Four Reasons Why a Starter Home Is a Bad Investment

Investment Strategy | Evidence Based Investing

 Peter Lazaroff By: Peter Lazaroff

Owning a first home is an exciting prospect. It has long been part of the quintessential American Dream.

While owning your own house comes with many intangible benefits that are difficult to quantify, there is a financial aspect you must consider. A house and its mortgage will likely be the biggest items on your balance sheet as a first-time home buyer. The math needs to be taken seriously, and that math usually indicates the idea of a starter home as an “investment” is more myth than reality.

Here are four reasons you might be better off renting and saving the money that would have otherwise been spent on a starter home.

1. You probably won’t build equity in your starter home.

Many first-time home buyers purchase a starter home after paying rent every month for years. They don’t want to keep “throwing money away.” The idea that you’re wasting money comes from the fact that you’re building equity in someone else’s property, not your own. But you’re unlikely to build much equity in a starter home yourself unless you stay in the house for seven to 10 years.

There are two issues with this: For one, most of your mortgage payments will go to interest rather than principal in the early years of a typical mortgage. And two, most people overestimate the length of time they will stay in a starter home.

Getting married, having a family, moving to a new city or changing careers are all common life events that happen around the same time you might be buying your first house. Those changes can turn a once-ideal home purchase into a bad financial decision by simply shortening the time you spend as the owner of the property.

2. You’re unlikely to turn a profit from price appreciation.

Many people don’t realize the gains in housing prices mostly come from inflation. Most homes actually depreciate over time when adjusting for inflation, but the problem is compounded further when you consider all the expenses you incur with a starter home.

Right upfront, you'll be out a lot of cash just to complete the transaction--you’ll owe closing costs, agent fees, financing fees and more. You also can expect to pay for regular maintenance, repairs, replacements and renovations. Once you look at the amount of cash you pour into a property you own, you can see how difficult it truly is to come out ahead on a starter home.

3. Homes are illiquid and indivisible.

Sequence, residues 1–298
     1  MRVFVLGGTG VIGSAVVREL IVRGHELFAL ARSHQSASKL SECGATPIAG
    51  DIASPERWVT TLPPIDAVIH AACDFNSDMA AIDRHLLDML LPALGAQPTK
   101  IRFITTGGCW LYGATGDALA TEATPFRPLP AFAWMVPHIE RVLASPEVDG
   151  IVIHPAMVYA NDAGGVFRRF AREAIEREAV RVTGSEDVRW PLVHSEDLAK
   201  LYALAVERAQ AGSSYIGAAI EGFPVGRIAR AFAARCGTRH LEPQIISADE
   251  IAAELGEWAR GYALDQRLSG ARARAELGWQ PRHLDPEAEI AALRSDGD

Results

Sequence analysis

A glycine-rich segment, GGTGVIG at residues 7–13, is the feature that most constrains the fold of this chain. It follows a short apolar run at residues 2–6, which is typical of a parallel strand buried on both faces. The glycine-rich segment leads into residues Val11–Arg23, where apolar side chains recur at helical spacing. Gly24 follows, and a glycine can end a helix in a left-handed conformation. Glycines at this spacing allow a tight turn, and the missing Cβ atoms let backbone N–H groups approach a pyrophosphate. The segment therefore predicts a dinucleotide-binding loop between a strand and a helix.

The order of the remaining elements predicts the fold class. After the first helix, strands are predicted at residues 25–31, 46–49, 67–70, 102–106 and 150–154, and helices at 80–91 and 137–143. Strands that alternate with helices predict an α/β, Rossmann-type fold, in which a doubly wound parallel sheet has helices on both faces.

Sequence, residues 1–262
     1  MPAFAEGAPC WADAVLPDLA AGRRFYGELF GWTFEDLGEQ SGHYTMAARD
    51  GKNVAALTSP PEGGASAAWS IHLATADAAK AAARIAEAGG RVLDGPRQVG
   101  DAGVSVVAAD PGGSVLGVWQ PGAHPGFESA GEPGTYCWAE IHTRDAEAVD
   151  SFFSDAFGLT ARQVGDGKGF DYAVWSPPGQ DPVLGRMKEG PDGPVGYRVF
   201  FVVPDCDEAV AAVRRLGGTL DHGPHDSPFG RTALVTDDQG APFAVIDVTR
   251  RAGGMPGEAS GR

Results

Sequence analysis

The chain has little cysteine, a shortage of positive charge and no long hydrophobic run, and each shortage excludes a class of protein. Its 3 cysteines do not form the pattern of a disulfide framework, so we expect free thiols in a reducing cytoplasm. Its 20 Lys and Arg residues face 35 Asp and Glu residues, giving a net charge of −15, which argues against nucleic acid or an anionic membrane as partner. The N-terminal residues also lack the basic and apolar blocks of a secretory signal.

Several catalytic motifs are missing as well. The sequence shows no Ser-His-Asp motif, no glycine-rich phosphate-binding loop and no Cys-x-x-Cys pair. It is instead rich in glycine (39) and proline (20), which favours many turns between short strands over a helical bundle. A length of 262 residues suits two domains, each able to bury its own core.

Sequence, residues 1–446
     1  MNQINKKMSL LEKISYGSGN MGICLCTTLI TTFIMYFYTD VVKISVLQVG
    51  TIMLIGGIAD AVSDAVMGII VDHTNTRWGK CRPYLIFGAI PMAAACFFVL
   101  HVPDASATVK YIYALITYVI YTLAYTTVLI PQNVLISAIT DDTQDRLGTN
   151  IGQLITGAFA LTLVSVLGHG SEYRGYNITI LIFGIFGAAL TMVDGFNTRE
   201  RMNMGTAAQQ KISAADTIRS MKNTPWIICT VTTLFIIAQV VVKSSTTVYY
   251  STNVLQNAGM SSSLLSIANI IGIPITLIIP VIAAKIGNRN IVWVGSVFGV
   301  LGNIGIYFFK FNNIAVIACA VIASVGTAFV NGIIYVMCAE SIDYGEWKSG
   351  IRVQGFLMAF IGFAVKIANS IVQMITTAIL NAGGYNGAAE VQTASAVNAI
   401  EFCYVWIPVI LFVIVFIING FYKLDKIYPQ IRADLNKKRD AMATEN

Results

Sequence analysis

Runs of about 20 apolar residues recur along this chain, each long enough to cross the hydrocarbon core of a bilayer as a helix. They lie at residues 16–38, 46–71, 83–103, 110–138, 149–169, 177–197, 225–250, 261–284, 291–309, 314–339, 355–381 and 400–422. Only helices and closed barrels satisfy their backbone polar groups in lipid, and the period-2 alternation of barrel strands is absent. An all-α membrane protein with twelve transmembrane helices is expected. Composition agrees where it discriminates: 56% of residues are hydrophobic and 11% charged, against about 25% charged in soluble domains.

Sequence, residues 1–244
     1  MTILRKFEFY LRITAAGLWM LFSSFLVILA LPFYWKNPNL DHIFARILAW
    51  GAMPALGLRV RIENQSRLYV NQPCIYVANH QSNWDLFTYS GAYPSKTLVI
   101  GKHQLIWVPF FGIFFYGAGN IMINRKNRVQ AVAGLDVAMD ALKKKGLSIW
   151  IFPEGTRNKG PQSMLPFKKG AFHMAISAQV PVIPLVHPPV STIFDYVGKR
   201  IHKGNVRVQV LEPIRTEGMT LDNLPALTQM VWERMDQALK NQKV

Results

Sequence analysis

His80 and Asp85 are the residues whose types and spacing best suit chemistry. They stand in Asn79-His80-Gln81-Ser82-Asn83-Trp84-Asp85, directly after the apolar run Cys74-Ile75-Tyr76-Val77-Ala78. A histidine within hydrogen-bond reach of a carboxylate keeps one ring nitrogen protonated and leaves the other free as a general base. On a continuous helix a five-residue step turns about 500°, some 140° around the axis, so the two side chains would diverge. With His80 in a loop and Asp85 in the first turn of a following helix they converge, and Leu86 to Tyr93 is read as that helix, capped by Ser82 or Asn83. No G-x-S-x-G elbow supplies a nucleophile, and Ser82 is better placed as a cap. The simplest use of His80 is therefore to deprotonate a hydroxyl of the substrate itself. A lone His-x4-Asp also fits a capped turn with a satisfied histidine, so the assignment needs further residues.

Speaking of cash, yours will get locked up in your home’s equity for as long as you own it. That’s because houses are illiquid assets. Unlike the liquid assets on your balance sheet, homes are indivisible--you can’t slice off a piece of your kitchen and sell it to get cash.

If you want to tap into whatever little equity you can manage to build in your starter home, you have to refinance your mortgage to take the cash out or borrow through a home-equity line. In both cases, it takes time to access the money and the access to funds come at a cost.

4. A single home lacks diversification.

If you’re going to call a starter home an investment, it’s not a very good one considering it’s a highly concentrated bet on a single neighborhood, in a single region of a single country. Compare that to Vanguard’s Total World Stock ETF (VT), for instance, which has 8,099 holdings across all sectors of 42 countries.

For people who are past the starter phase, and think they’ll be staying in their homes for a long time, the math is obviously different. Those people will be owning their homes long enough to pay off principal, take advantage of inflation and hopefully have other assets so the home isn’t where most of their wealth is concentrated.

And, of course, you may still want to buy a starter home despite all the negatives. Just don’t call it an investment.

A version of this post was originally published by The Wall Street Journal.

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Peter Lazaroff, Chief Investment Officer, first took an interest in investing when his grandmother gave him a single share of Nike stock for his 13th birthday. Today, nearly 20 years later, his investment insights are highly sought after by local and national media. More »